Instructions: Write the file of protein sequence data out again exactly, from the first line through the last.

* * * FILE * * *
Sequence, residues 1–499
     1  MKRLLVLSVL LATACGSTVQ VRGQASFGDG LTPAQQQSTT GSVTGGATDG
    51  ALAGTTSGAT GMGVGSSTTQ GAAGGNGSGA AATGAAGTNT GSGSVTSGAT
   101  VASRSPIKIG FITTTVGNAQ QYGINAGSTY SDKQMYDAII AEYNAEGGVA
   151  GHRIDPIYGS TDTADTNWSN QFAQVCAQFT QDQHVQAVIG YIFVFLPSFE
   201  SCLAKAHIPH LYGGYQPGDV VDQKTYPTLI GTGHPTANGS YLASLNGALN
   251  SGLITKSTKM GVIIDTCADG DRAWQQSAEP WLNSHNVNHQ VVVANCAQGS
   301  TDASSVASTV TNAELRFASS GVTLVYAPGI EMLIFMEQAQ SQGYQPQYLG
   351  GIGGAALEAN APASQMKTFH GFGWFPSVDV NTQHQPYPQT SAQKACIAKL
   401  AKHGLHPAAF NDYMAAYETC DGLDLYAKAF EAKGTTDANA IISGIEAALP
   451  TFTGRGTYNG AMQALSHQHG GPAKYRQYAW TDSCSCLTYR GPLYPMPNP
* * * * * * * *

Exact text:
Sequence, residues 1–499
     1  MKRLLVLSVL LATACGSTVQ VRGQASFGDG LTPAQQQSTT GSVTGGATDG
    51  ALAGTTSGAT GMGVGSSTTQ GAAGGNGSGA AATGAAGTNT GSGSVTSGAT
   101  VASRSPIKIG FITTTVGNAQ QYGINAGSTY SDKQMYDAII AEYNAEGGVA
   151  GHRIDPIYGS TDTADTNWSN QFAQVCAQFT QDQHVQAVIG YIFVFLPSFE
   201  SCLAKAHIPH LYGGYQPGDV VDQKTYPTLI GTGHPTANGS YLASLNGALN
   251  SGLITKSTKM GVIIDTCADG DRAWQQSAEP WLNSHNVNHQ VVVANCAQGS
   301  TDASSVASTV TNAELRFASS GVTLVYAPGI EMLIFMEQAQ SQGYQPQYLG
   351  GIGGAALEAN APASQMKTFH GFGWFPSVDV NTQHQPYPQT SAQKACIAKL
   401  AKHGLHPAAF NDYMAAYETC DGLDLYAKAF EAKGTTDANA IISGIEAALP
   451  TFTGRGTYNG AMQALSHQHG GPAKYRQYAW TDSCSCLTYR GPLYPMPNP